`Father God ordered me to kill her'

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The Independent Online
SCHIZOPHRENIC Anthony Joseph was so ill when he killed his social worker by stabbing her more than 100 times that he had no comprehension of right or wrong, a court heard yesterday. The Care in the Community patient, now 27, knifed his field worker Jenny Morrison 127 times at his hostel.

The Old Bailey was told Mr Joseph genuinely believed he was a member of the "Christ family" and that "mother and father God" had ordered him to kill 50-year-old Ms Morrison in a vision. He had become convinced the social worker was a member of the fascist group Combat 18 and had been sent to take him back to hospital where she would torture him in the "chair".

A psychiatrist Henry Kennedy told the court: "He appeared to believe he was acting in self-defence although, as is known, his social worker was unarmed. He also believes humans are not real humans. He talks about Star Wars games where he and members of his `Christ family' kill thousands of humans."

Dr Kennedy said in three interviews Mr Joseph babbled incoherently for periods. But in one he was lucid enough to name the Prime Minister, Queen, the capital of France and location of Birmingham. Yet he suffered severe delusions that his mother and father were merely foster parents, referring to them in "very disparaging" manner. His mother, he said, was a prostitute.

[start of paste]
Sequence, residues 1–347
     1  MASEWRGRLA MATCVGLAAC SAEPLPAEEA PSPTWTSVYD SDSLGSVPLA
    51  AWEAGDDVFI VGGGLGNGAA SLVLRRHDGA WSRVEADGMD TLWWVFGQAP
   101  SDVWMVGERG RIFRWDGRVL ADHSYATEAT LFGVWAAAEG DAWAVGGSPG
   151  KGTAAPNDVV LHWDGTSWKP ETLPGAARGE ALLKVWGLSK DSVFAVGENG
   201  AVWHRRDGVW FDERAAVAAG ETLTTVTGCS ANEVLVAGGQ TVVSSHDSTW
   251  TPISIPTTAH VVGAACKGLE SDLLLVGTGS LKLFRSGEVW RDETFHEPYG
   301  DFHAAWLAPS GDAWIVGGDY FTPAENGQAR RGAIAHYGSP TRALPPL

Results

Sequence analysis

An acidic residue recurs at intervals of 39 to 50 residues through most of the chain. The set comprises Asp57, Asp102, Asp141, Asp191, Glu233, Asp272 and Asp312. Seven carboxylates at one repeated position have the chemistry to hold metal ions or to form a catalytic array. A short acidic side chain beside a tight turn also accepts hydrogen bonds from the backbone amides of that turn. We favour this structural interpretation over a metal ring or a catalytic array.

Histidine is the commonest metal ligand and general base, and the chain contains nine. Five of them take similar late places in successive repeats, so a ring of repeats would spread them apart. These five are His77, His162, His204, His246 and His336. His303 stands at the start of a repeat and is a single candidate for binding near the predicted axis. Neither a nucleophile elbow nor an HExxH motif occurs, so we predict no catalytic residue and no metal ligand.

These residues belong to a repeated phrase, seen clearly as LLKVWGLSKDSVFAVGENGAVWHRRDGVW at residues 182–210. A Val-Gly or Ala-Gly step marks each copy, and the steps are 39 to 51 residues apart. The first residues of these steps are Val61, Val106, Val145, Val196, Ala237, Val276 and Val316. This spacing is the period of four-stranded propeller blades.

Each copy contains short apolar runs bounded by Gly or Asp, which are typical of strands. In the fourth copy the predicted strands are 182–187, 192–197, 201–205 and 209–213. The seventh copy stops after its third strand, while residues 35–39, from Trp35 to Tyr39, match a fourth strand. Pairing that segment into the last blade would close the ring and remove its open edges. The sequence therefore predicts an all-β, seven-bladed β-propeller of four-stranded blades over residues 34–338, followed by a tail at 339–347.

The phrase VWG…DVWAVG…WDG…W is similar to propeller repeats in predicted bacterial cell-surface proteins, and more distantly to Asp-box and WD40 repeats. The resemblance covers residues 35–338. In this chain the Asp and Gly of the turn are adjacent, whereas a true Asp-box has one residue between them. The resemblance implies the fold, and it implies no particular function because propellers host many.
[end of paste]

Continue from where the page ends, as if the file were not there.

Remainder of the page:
In his mind, his celestial family were far more real, including an imaginary wife and 14 children who all bore Biblical names but wandered the earth in "human form".

Dr Kennedy said the paranoid schizophrenic's illness was so severe he had failed to respond to medication since his arrest. "He should remain in very secure internment for the indefinite future."

Dr Kennedy believed Mr Joseph was well aware of what he was doing when he killed the dedicated social worker in the hospital lounge on 23 November 1998 but truly felt he was acting under orders. He had no concept of right or wrong.

Mr Joseph had been discharged from Springfield psychiatric hospital, Tooting, south London, in June and transferred to the hostel in Balham. Dr Kennedy did not believe a standard risk assessment had been made before discharge.

Mr Joseph told the psychiatrist he had stopped taking his medication two months earlier because he did not believe he was ill, a classic symptom of schizophrenia. Consequently, his behaviour deteriorated. On the day of Ms Morrison's death, she had been trying to convince him to return to the hospital voluntarily.

Dr Kennedy said Joseph described without emotion stabbing her. "He impassively described her saying, `No, Anthony, no'. When she was on the floor, she said, `I am dying'."

Mr Joseph denies murder. His defence argues that he is not guilty on the grounds of insanity.